First place in a race doesn’t always net the biggest spoils.
Kenyan Kenneth Mungara captured his fourth consecutive crown in the Scotiabank Waterfront Toronto Marathon on a cool, breezy Sunday in 2 hours nine minutes and 51 seconds, edging Ethiopian Shami Dawit.
But victory likely isn’t enough to put the 38-year-old Mungara in a Kenyan singlet at the marathon start line for the 2012 London Olympics. He comes from a country where scores of marathoners can run 2:10 or better – and two of Kenya’s three marathon places already have been given to world record holder Patrick Makau (2:03:38 at Berlin) and world champion Abel Kirui (2:07:38 at Daegu, South Korea).
On the other hand, Reid Coolsaet and Eric Gillis, stable-mates at Guelph, Ontario’s Speed River club, found themselves celebrating London Olympic marathon berths after placing third and fourth, respectively, in the race along the Lake Ontario shoreline. And 100-year-old Fauja Singh set a record as the only centenarian to complete a marathon. The London, England runner who competes in a yellow turban, ran the race in 8:25:18. He, too hopes to go the Olympic Games – as a torchbearer.
Coolsaet and Gillis beat Athletics Canada’s top Olympic qualifying standard of 2:11:29. Coolsaet had a personal-best marathon time of 2:10:55 and Gillis charged to fourth in 2:11:28, a second under the cutoff. They’ll be Canada’s first Olympic marathoners since Bruce Deacon was 44th at Sydney in 2000.
“I can’t believe it was one second, over a marathon,” Gillis marvelled of collecting the day’s most important prize by such a slim margin. “I could have just as easily been one second over. I’m lucky to get that standard. I couldn’t have done it this time last year,” said Gillis, a native of Antigonish, N.S. He had set Olympic qualifying as his goal but had to overcome cold and blustery conditions. He knows what it takes to go to the Olympics. He finished 33rd as a 10,000-metre Olympian in Beijing.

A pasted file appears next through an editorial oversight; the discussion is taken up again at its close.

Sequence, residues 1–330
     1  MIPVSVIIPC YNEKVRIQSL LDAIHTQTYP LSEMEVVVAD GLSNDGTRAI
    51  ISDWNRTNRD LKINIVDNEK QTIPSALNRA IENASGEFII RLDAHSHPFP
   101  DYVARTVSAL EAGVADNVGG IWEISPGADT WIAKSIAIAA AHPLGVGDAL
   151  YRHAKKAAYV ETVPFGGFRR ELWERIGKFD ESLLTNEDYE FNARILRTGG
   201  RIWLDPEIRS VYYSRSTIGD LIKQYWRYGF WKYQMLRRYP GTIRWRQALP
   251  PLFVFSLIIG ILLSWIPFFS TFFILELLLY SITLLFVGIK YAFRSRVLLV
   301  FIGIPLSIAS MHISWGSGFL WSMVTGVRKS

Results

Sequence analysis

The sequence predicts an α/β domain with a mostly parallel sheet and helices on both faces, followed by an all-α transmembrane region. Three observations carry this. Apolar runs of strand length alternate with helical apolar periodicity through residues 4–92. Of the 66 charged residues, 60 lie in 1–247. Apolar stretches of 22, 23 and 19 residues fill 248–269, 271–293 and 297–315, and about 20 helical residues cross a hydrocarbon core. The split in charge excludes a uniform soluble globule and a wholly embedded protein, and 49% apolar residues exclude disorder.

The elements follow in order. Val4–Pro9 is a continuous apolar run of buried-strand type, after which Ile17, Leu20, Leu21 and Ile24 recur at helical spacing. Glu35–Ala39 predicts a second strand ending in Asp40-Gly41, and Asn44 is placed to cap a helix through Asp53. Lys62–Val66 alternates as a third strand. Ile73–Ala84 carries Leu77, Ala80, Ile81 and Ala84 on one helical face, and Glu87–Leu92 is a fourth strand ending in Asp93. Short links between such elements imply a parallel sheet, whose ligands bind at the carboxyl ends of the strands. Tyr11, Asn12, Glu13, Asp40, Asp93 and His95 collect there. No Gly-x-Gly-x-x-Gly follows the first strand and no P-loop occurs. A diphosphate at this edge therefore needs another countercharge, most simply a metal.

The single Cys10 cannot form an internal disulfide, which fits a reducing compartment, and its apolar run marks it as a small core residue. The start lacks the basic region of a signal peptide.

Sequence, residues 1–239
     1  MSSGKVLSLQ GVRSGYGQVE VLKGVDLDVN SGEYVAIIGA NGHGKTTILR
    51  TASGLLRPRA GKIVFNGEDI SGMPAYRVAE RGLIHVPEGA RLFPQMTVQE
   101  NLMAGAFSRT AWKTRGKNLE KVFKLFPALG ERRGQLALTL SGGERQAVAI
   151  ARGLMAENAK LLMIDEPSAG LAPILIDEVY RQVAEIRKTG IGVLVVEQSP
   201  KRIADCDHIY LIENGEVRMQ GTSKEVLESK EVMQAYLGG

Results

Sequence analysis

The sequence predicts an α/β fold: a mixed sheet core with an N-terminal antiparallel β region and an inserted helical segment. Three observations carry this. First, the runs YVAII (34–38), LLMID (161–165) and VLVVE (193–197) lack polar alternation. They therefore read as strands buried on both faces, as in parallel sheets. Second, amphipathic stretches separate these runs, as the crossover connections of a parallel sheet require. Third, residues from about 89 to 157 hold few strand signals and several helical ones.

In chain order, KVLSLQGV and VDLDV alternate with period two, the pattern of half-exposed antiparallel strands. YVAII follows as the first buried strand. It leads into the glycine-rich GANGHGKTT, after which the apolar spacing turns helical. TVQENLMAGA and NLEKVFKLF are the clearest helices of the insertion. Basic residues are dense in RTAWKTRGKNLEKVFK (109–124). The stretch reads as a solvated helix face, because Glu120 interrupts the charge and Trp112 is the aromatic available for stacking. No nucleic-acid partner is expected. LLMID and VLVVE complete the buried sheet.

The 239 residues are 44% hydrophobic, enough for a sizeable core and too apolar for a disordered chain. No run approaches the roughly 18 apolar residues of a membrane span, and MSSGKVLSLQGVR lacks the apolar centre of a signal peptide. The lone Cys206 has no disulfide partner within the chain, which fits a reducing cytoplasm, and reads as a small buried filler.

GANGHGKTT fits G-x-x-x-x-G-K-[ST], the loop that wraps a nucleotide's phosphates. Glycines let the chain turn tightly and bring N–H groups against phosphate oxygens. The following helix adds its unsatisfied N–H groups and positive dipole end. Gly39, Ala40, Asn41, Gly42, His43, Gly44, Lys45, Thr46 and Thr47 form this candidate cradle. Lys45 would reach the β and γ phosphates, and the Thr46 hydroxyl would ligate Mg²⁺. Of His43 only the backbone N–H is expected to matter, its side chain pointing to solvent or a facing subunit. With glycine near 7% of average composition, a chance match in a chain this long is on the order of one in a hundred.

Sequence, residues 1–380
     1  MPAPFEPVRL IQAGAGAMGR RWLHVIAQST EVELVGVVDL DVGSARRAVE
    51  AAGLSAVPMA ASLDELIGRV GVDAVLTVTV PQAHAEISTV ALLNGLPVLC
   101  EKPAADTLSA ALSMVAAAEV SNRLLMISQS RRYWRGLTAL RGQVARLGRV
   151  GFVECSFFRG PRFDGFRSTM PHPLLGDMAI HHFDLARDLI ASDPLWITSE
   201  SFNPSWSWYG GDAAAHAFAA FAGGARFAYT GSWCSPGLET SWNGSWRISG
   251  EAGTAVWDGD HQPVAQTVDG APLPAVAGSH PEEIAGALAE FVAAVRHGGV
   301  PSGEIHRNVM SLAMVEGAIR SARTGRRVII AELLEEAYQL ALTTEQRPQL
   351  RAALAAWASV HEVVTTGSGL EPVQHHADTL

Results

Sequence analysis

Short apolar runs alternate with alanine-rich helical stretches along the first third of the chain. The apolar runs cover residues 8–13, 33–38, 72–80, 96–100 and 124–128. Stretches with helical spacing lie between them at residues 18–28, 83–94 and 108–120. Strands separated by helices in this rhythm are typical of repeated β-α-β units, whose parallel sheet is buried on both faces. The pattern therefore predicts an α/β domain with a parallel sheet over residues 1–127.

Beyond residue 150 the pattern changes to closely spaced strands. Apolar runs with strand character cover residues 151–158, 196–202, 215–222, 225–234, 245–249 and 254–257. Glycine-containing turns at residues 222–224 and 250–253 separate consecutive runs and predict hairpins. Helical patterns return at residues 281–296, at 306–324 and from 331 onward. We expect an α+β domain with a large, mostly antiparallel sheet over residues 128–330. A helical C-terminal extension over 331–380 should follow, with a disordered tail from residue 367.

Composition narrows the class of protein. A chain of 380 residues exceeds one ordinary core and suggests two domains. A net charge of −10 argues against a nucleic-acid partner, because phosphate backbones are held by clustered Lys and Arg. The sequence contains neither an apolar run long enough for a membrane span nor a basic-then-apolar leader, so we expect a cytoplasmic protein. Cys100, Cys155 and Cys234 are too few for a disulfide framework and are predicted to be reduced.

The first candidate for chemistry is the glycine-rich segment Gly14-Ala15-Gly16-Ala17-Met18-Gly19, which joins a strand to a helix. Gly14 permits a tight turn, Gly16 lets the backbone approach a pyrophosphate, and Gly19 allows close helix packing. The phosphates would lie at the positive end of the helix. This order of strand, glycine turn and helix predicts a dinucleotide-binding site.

Mungara was impressed with his own perseverance if not his time. Last year, in better weather, he ran the fastest time ever on Canadian soil, 2:07:58.
“It was a very good day for me today, but it was very tough on my body because it was very windy and cold,” Mungara said.
Ethiopia’s Koren Yal was the top female finisher in 2:22:43 – 13th overall and only a second slower than the female course record run in 2010 by Kenyan Sharon Cherop. Ethiopia’s Mare Dibaba was second among the women Sunday in 2:23.25. Vancouver’s Katherine Moore was eighth in 2:48.48.
Coolsaet, 32, came close to Drayton’s Canadian native record – and may have to blame answering nature’s call for missing out on the $36,000 bonus that was on offer for breaking the mark. The distance between Coolsaet’s 2:10:55 and Jerome Drayton’s 1975 record of 2:10:09 could be the brief bathroom break Coolsaet had to take at 25 km. He said the pause felt like only 15 seconds, but it also took him time to leave the race, to get back into it, to find his pacer again and claw his way back to the leaders.
He’d decided the night before– after getting out of bed and having a talk with coach Dave Scott-Thomas – that there was no reason not to try to hang on with the lead group. They were attempting to get through the first half of the race in 63:45, compared with 65 minutes for the second flight.
“I decided to roll the dice and go with the leaders,” Coolsaet said. “I was fortunate enough to have a good pack that I was able to use to block the wind and that really helped me for the first 35-36 kilometres.” But then the African lead runners accelerated and Coolsaet was on his own to gut it out the rest of the way.
In the half marathon, Thomas Breitenbach won the men’s race in 1:07:21.2 and Leslie Sexton won the women’s race in 1:16:32.6.
Fauja Singh, looking remarkably fresh at the end of his long race, said he “just completed a lifetime goal.”
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